FAYETTEVILLE, Ark. — A doctor who worked for the Veterans Health Care System of the Ozarks in Fayetteville has been indicted by a federal grand jury on three counts of involuntary manslaughter after allegedly making incorrect and misleading diagnoses that caused the deaths of three veterans.
Robert Morris Levy also was charged with 12 counts of wire fraud, 12 counts of mail fraud, and four counts of making false statements. On two occasions, Levy allegedly falsified entries in the patients’ medical records to state that a second pathologist concurred with his diagnosis.
The charges were announced Tuesday by Duane Kees, U.S. Attorney for the Western District of Arkansas, and Michael Missal, Inspector General of the Department of Veterans Affairs, following a year-long investigation.
Earlier this year, the VA said 12 veterans may have died as a result of misdiagnosis by Levy, who allegedly was impaired when he worked as a pathologist at the VA hospital in Fayetteville.
The hospital announced last year that it was reviewing more than 33,000 cases the pathologist handled during his 13-year tenure. The external review found 3,007 cases that resulted in an error or misdiagnosis — about 9 percent of the pathologist's entire caseload since 2005. Of the 3,007 cases, 22 were identified as "institutional disclosures," meaning an adverse event that results in or is expected to result in death or serious injury.
The hospital served thousands of veterans in the Four-State Area, including Southwest Missouri.
Levy was removed from clinical care in October 2017; he was fired in April 2018.
According to the federal indictment:
Levy held a medical license issued by the Mississippi State Board of Medical Licensure in 1997 and was hired by the Veterans Health Care System of the Ozarks in 2005 to serve as Chief of Pathology and Laboratory Medical Services.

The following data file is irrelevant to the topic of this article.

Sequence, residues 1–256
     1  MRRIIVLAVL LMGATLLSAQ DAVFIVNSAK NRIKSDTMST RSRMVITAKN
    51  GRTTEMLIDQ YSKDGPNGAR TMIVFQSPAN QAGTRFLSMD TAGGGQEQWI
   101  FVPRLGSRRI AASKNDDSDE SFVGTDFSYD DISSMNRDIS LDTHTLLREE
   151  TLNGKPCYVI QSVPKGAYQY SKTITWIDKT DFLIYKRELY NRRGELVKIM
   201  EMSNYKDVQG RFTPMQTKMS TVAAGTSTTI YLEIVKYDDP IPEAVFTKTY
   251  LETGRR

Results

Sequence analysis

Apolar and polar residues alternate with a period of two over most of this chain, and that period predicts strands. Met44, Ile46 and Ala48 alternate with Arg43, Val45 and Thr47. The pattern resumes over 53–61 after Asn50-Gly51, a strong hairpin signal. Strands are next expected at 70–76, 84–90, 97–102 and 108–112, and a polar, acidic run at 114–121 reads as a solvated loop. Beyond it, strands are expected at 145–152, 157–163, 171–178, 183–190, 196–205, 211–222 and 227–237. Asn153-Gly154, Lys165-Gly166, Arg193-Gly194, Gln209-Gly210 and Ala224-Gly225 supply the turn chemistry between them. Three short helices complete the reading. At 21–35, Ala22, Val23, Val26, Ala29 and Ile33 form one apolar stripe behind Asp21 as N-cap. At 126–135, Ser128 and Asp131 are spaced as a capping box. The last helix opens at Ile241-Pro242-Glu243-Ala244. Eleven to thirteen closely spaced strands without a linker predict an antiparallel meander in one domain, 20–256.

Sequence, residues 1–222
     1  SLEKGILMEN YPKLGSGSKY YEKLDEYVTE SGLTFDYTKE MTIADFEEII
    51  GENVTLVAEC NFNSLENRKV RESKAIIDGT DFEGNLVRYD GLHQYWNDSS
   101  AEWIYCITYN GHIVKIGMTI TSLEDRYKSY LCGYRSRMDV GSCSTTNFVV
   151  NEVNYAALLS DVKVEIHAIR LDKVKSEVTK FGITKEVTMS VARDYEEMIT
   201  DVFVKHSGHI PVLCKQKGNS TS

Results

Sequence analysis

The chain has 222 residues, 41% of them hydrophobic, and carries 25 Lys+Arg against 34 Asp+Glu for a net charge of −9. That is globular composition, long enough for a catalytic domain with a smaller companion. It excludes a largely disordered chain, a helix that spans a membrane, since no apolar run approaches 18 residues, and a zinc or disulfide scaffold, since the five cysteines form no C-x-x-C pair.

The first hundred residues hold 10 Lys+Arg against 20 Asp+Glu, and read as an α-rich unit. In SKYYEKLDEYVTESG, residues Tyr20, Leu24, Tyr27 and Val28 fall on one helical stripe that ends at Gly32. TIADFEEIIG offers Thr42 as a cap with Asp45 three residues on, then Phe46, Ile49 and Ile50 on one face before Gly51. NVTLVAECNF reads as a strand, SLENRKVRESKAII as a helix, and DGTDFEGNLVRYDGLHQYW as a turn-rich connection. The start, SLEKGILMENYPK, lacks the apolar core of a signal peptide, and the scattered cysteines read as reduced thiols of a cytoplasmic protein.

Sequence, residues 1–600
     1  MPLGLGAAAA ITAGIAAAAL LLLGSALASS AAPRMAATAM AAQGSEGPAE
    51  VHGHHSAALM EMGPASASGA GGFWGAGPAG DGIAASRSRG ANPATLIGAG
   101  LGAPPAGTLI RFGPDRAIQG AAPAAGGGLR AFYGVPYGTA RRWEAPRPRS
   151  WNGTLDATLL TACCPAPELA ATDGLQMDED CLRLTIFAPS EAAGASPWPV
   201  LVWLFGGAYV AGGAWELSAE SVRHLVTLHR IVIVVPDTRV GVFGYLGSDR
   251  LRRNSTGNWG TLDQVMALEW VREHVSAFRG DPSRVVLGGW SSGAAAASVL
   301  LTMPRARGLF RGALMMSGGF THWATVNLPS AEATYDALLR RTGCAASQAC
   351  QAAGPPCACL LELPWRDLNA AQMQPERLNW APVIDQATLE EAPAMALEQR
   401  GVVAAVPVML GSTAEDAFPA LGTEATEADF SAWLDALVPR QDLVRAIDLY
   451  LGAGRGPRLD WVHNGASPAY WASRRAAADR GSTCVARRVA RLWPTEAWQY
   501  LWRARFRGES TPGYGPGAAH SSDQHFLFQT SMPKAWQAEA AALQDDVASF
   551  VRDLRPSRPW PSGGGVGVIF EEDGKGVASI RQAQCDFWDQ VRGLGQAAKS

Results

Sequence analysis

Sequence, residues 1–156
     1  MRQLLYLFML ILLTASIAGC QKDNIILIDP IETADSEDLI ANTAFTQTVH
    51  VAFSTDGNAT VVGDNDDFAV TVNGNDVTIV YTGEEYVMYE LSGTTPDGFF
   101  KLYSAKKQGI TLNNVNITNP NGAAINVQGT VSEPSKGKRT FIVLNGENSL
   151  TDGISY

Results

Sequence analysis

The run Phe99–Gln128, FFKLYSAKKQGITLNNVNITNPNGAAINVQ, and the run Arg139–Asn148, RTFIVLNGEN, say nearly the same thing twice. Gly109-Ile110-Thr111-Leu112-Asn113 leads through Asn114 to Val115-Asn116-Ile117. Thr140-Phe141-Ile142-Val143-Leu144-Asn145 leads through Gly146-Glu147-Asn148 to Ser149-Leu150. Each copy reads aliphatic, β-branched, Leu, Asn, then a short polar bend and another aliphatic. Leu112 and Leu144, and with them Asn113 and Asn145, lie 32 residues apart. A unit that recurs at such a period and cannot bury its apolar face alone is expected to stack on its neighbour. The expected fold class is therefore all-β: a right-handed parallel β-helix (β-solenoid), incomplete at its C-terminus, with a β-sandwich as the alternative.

In 2015, he was interviewed by an administrative panel following reports that he was under the influence of alcohol while at work. Levy denied the allegations, but in 2016, he appeared to be intoxicated while on duty, and a subsequent test revealed a blood alcohol content level of .396. As a result, the VA suspended Levy’s privileges to practice medicine and issued a written notice of removal and revocation of clinical privileges. Levy acknowledged "unprofessional conduct related to high blood alcohol content while on duty” and in July 2016 he voluntarily entered a three-month in-patient treatment program, which he completed that fall.
At the end of the treatment program, Levy executed a contract with the Mississippi Physician Health Program and the Mississippi State Board of Medical Licensure in anticipation of returning to practice medicine at the Fayetteville VA hospital. In the contract, he agreed to maintain sobriety and he agreed to “abstain completely from the use of ... alcohol and other mood-altering substances” and to submit to random urine and/or blood drug screens. He returned to work at the Fayetteville hospital in October 2016.
On 12 occasions beginning in June 2017 and continuing through 2018, while Levy was contractually obligated to submit to random drug and alcohol screening, he purchased for personal consumption 2-methyl-2-butanol (2M-2B), a chemical that enables a person to achieve a state of intoxication but is not detectable in routine drug and alcohol tests.
According to the indictment, Levy devised a scheme to defraud the VA and to obtain money and property in the form of salary, benefits, and performance awards he would not have received had the VA known he was intentionally concealing his non-compliance with the drug and alcohol tests. Levy is also accused of making false statements to a special agent of the VA's Office of the Inspector General, and making false statements in health care matters by entering information in a patient’s medical records that he knew to be false, and making a false statement during a grievance hearing related to his employment.
The hospital held monthly town halls last year and into January to give updates on the case review.